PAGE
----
# A 'logical Bell inequality' for qubit phase space

This is a sort of appendix to a blog post I’m writing, and will make a lot more sense with that context. I want to find stationary points of the sum of marginal probabilities \(\sum p_i = p_z + p_x + p_y\), where the \(p_i\)s are defined as in my qubit phase space cheat sheet:

\(\sum p_i = \frac{3}{2} - \frac{1}{2}(\cos\theta + \sin\theta\cos\phi + \sin\theta\sin\phi)\),

where \(\theta \in [0, \pi ]\) and \(\phi \in [0, 2\pi )\).

The rest of this page is just the details of finding and classifying the stationary points, which occur when:

- \(\frac{\partial \sum p_i}{\partial \phi} = 0\) and
- \(\frac{\partial \sum p_i}{\partial \theta} = 0\).

The details are in the next section, then there’s a summary and graphs, then I find the corresponding qubit states.

## Details

Equation 1. gives

\(\sin \theta \sin \phi = \sin \theta \cos \phi\).

So either:

- \(\sin\theta = 0\), so that \(\theta = 0, \pi\)
- \(\sin\phi = \cos\phi\), so that \(\phi = \frac{\pi}{4}, \frac{5\pi}{4}\).

Deal with the \(\sin\theta = 0\) case first. In that case \(\sum p_i\) just becomes a constant. At \(\theta = 0\), \(\sum p_i = \frac{3}{2} - \frac{1}{2} = 1\), and at \(\theta = \pi\), \(\sum p_i = \frac{3}{2} + \frac{1}{2} = 2\). So there are lines of constant \(\sum p_i\) at these values of \(\theta\).

Then take the remaining \(\sin\phi = \cos\phi\) case, and apply equation 2 as well:

\(\cos\theta\cos\phi + \cos\theta\sin\phi = \sin\theta\),

or (as \(\cos\theta \neq 0\) at any of the stationary points)

\(\cos\phi + \sin\phi = \tan\theta\).

At \(\phi = \frac{\pi}{4}\), \(\tan\theta = \sqrt{2}\), so

\(\sin\theta = \frac{\sqrt{2}}{\sqrt{3}}\) and \(\cos\theta = \frac{1}{\sqrt{3}}\)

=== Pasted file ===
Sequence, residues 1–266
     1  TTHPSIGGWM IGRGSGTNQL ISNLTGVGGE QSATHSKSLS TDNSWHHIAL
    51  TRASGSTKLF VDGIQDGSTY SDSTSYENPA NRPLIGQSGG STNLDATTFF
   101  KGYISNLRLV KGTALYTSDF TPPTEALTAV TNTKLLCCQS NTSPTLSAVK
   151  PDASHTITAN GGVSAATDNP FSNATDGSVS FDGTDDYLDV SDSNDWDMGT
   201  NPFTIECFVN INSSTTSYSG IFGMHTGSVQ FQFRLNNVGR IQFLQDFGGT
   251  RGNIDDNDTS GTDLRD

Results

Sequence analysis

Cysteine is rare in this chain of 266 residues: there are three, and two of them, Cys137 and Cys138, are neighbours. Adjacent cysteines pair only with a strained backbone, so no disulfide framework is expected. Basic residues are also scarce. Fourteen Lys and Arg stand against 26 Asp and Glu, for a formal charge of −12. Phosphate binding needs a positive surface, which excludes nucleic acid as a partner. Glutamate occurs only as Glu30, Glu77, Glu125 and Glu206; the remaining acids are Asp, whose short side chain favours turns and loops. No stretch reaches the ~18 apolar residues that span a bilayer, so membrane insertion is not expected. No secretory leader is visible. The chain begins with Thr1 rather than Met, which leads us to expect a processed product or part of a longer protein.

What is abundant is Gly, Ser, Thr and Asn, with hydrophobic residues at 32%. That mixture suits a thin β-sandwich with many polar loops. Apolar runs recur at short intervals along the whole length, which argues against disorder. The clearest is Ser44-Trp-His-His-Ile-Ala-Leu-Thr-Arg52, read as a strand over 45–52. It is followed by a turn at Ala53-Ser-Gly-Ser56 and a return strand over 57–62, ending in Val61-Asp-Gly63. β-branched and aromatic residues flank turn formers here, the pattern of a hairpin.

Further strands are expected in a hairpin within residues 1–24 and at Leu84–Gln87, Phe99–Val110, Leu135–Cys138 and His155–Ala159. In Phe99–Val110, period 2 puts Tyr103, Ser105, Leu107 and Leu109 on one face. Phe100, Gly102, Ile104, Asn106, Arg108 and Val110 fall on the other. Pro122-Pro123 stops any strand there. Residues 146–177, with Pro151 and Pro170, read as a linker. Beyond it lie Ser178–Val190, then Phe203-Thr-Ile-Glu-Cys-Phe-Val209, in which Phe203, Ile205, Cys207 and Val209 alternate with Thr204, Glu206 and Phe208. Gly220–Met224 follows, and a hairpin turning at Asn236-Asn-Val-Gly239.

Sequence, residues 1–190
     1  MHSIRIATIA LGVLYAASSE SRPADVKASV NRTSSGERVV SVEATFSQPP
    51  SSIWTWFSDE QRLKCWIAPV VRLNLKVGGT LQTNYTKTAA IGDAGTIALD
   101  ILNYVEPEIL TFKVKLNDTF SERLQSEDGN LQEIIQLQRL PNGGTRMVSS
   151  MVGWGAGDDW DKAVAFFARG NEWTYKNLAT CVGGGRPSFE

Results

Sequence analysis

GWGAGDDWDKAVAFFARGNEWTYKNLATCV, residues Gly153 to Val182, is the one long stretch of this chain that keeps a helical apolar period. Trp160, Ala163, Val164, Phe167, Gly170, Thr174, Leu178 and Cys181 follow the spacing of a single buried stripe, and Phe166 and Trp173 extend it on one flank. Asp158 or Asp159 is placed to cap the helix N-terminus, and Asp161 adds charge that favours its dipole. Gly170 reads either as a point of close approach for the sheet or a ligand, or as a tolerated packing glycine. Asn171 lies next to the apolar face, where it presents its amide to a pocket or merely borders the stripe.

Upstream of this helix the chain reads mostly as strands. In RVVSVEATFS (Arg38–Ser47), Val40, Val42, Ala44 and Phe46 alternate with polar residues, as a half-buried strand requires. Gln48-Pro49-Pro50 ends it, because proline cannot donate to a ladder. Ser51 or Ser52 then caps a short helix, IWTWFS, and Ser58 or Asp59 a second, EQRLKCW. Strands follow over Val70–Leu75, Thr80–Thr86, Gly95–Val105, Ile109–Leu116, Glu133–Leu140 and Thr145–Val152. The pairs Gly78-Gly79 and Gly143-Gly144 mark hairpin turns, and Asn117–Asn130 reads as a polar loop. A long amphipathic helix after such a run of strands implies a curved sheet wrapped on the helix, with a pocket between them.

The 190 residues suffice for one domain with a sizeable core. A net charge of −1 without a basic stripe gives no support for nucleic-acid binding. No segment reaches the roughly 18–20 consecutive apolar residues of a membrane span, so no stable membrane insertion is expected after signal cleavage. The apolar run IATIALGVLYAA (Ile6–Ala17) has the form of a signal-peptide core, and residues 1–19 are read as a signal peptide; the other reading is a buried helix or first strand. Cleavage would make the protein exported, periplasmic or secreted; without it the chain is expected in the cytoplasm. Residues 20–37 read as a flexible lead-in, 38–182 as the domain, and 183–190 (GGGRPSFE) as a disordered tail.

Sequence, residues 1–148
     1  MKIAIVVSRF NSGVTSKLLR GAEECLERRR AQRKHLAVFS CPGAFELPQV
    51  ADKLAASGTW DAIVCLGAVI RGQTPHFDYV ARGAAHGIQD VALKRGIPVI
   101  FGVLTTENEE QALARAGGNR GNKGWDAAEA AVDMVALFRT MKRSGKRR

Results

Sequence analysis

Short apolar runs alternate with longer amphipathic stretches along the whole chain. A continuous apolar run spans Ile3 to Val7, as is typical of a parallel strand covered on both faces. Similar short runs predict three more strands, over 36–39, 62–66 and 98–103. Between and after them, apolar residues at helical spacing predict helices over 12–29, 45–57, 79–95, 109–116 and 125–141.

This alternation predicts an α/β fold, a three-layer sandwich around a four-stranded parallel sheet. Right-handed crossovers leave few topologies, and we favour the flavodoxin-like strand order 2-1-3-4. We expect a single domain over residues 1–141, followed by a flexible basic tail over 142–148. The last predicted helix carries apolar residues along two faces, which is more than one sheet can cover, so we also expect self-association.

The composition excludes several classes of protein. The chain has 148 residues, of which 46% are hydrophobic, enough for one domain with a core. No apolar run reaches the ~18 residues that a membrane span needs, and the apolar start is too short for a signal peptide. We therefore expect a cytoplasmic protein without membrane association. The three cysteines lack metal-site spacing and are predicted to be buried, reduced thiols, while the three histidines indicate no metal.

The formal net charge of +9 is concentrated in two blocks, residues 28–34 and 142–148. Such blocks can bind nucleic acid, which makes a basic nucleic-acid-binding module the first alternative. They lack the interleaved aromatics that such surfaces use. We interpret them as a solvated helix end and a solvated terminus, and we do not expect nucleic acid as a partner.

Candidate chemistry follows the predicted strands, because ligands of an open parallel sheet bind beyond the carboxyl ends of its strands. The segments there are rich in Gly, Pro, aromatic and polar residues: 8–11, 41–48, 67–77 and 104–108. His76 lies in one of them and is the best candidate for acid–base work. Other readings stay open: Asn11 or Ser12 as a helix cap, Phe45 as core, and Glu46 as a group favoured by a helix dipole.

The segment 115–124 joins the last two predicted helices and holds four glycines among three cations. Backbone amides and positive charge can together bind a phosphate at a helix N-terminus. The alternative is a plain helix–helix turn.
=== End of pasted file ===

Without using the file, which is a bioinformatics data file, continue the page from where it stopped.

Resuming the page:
This happens when \(\sum p_i = \frac{1}{2}(3 - \sqrt{3}) \sim 0.634\).

At \(\phi = \frac{5\pi}{4}\), \(\tan\theta = -\sqrt{2}\), so

\(\sin\theta = \frac{\sqrt{2}}{\sqrt{3}}\) and \(\cos\theta = -\frac{1}{\sqrt{3}}\)

This happens when \(\sum p_i = \frac{1}{2}(3 + \sqrt{3}) \sim 2.366\).

## Summary

- Maximum line at \(\theta = \pi\), value \(\sum p_i = 2\)
- Minimum line at \(\theta = 0\), value \(\sum p_i = 1\)
- Maximum point at \(\phi = \frac{5\pi}{4}\), \(\sin\theta = \frac{\sqrt{2}}{\sqrt{3}}\), \(\cos\theta = -\frac{1}{\sqrt{3}}\), value of \(\sum p_i = \frac{1}{2}(3 + \sqrt{3})\)
- Minimum point at \(\phi = \frac{\pi}{4}\), \(\sin\theta = \frac{\sqrt{2}}{\sqrt{3}}\), \(\cos\theta = \frac{1}{\sqrt{3}}\), value of \(\sum p_i = \frac{1}{2}(3 - \sqrt{3})\).

The last one is the case we’re really interested in, as we want to maximise \(\sum p_i\). Will find the corresponding qubit state below.

Overall the function \(\sum p_i\) looks like this (thanks WolframAlpha):

The qubit phase space state for the maximum point is the following:

\[\begin{equation} \left[ \begin{array}{c|c} \frac{1}{4}\left(1+ \frac{1}{\sqrt{3}}\right) & \frac{1}{4}\left(1+ \frac{1}{\sqrt{3}}\right) \\ \hline \frac{1}{4}\left(1 - \sqrt{3}\right) & \frac{1}{4}\left(1+ \frac{1}{\sqrt{3}}\right) \\ \end{array} \right] \end{equation}\]